When Pope Francis declares Mother Teresa a saint Sept. 4, granting to her the rare honour of a solo canonization ceremony, he will complete the set of Teresas, a quartet of saints who have given shape to Catholicism in our time.
Agnes Bojaxhiu was born in Albania in 1910. As a young girl she was given the affectionate nickname Gonxha, which means “flowerbud” or “little flower.” Providence from a young age was thus evident, for when Agnes took her religious name, she chose as her patron the Little Flower, Thérèse of Lisieux. Mother Teresa was inspired by the “little way” of the Little Flower, to do “ordinary things with extraordinary love.” Thérèse, who desired to be a missionary but never left her cloister, was named patron of the missions, and found in Mother Teresa the fulfilment of her desires. The Missionaries of Charity would be the fastest growing missionary order of the 20th century, and they would be missionaries precisely of charity — of love, just as Thérèse of Lisieux understood her vocation to “be love” in the heart of the Church. The most popular saint of the 20th century would be the patron of the most famous Catholic of the same century — and both would teach that the enormity of God’s love is discovered in the littleness of everyday life.
In 1998, on the 50th anniversary of Karol Wojtyła’s doctorate from Rome’s Angelicum University, Cardinal Joseph Ratzinger spoke about how God’s truth and God’s love are inseparable; all truth has its final end in love of God. To demonstrate that, Ratzinger said that we need only to see what John Paul did with the two Teresas of his pontificate: Thérèse of Lisieux and Teresa Benedicta of the Cross (Edith Stein).
“He made the saint a doctor and the doctor a saint,” explained Ratzinger.
Thérèse was the saint whose great love led to wisdom, a wisdom proposed to the entire Church by John Paul when he made her a Doctor of the Church. Edith Stein was the great German philosopher who, after converting to Catholicism from Judaism and becoming a Carmelite, was murdered in Auschwitz. John Paul canonized her, making a saint out of the professor, the academic doctor. John Paul’s two Teresas were both Carmelites, the order which John Paul wanted to join as a young man, inspired by Teresa of Avila and John of the Cross.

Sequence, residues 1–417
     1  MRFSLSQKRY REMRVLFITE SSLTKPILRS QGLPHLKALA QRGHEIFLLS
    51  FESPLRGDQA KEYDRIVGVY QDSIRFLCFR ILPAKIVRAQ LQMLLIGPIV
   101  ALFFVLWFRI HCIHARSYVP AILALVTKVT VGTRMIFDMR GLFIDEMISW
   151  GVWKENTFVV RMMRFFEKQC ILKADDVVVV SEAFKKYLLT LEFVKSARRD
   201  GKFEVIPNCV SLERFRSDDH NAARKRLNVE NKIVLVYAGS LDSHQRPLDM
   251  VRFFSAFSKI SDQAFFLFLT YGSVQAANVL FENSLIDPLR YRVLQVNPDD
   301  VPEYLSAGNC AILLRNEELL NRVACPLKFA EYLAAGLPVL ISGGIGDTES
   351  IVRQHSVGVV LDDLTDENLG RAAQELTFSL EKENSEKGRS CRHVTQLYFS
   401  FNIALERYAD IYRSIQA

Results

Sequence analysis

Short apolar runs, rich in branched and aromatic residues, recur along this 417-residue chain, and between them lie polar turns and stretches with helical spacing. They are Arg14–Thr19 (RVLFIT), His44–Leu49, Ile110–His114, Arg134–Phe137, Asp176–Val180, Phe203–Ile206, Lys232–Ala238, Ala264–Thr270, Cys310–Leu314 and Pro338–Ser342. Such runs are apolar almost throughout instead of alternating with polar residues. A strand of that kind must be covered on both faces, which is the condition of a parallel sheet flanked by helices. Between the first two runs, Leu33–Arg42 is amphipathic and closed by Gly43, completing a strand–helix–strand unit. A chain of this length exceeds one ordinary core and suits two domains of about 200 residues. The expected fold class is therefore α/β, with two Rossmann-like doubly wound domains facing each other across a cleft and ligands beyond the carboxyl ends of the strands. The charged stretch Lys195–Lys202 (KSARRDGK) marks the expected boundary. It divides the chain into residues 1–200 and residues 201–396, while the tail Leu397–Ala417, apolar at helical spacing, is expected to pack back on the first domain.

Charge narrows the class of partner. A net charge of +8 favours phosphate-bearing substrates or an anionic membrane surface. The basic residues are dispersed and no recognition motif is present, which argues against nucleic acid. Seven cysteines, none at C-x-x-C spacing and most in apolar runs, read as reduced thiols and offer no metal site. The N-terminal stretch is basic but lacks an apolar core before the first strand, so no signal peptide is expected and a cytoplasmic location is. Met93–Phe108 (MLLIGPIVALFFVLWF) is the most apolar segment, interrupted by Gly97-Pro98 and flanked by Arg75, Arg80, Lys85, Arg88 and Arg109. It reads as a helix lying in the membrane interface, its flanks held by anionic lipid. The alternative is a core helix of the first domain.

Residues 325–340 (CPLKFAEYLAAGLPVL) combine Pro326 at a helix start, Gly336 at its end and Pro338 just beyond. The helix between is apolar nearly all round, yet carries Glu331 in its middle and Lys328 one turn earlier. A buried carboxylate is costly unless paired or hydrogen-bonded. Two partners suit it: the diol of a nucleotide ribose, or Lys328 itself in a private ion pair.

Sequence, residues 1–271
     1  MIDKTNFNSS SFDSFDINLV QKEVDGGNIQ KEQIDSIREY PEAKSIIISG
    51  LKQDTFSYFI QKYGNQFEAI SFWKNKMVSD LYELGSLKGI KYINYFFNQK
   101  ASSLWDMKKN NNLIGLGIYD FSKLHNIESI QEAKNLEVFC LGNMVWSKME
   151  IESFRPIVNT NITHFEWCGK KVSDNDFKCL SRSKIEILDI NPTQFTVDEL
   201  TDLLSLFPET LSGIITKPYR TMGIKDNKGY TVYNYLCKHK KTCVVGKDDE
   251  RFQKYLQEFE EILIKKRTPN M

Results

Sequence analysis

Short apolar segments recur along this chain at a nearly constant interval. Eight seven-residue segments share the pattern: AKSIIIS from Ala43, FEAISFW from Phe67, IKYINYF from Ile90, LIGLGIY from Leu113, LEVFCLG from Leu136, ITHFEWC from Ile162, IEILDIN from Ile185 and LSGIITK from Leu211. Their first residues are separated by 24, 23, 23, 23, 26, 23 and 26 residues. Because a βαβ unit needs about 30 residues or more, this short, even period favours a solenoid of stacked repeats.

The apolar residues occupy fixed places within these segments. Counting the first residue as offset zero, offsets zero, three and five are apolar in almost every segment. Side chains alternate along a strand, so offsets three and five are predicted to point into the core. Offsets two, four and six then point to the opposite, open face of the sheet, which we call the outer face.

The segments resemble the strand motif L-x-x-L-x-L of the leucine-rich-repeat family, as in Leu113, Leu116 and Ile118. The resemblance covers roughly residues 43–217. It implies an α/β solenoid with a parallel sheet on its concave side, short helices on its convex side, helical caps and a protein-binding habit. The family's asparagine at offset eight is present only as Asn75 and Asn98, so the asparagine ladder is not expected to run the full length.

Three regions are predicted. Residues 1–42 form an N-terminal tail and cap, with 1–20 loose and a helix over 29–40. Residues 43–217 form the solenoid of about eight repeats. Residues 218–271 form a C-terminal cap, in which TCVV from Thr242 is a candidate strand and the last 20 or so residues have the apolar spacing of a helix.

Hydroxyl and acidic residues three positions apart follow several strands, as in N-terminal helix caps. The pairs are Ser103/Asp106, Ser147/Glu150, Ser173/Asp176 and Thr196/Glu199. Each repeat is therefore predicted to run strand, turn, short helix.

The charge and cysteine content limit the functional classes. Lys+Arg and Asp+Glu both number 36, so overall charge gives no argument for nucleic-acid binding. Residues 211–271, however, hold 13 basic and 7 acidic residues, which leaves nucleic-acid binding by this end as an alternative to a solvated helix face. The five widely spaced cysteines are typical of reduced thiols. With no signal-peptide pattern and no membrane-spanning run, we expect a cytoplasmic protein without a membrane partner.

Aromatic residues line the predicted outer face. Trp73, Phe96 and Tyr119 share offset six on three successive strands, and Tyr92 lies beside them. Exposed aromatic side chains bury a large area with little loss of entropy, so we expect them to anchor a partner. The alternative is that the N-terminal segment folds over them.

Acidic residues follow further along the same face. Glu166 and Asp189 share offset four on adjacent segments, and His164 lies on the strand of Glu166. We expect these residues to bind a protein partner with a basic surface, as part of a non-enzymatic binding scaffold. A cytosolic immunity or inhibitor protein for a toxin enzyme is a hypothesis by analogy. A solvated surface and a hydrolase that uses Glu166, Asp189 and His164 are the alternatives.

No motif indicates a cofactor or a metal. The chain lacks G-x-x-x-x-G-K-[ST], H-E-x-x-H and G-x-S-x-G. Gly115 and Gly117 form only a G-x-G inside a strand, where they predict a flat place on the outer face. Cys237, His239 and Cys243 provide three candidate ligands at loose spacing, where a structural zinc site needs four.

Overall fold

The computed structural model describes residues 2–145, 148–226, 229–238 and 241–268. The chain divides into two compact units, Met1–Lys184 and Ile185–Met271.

Just as Mother Teresa followed the Little Flower, so Teresa Benedicta of the Cross followed the great Teresa of Avila. While still studying philosophy it was reading a biography of Teresa of Avila that persuaded Edith Stein of the truth of the Catholic faith, prompting her to convert. She entered the Carmelites too, and took Teresa of Avila as her patron in religious life.
Truth and charity would be linked in a remarkable way in the life of Mother Teresa, who became an icon — in the proper Christian sense, not its debased celebrity usage — of Christian love. At the same time, she was given a special vocation to speak truth — softly but firmly, clearly and charitably — to the great powers of the earth. Indeed, in Benedict XVI’s encyclical Caritas in Veritate (Charity in Truth) the Church’s solidarity with the poor is linked to her witness to the truth about life, love, marriage and sexuality. Mother Teresa, more than any other single figure, lived out that unity.
Mother Teresa was another Teresa in the life of St. John Paul. After her death in 1997, he wanted to proceed immediately and directly to her canonization, having been a personal witness to her holiness in their extraordinary spiritual friendship. He was persuaded instead to let the process follow the normal course, though he waived the five-year waiting period. In the event, he made her beatification in 2003 the centrepiece of the 25th anniversary celebrations of his pontificate.
The interior life and institutional reform (Teresa of Avila); the little way and the great commission (Thérèse of Lisieux); faith and reason, the covenant with Israel and the power of the Cross (Teresa Benedicta of the Cross); the proclamation of truth and the primacy of charity (Teresa of Calcutta) — the four Teresas give us a model for the Church in our time. St. Teresa — all of them! — pray for us!
(Fr. de Souza is the editor-in-chief of Convivium, a Canadian magazine of faith in our common life: www.conviviummagazine.ca.)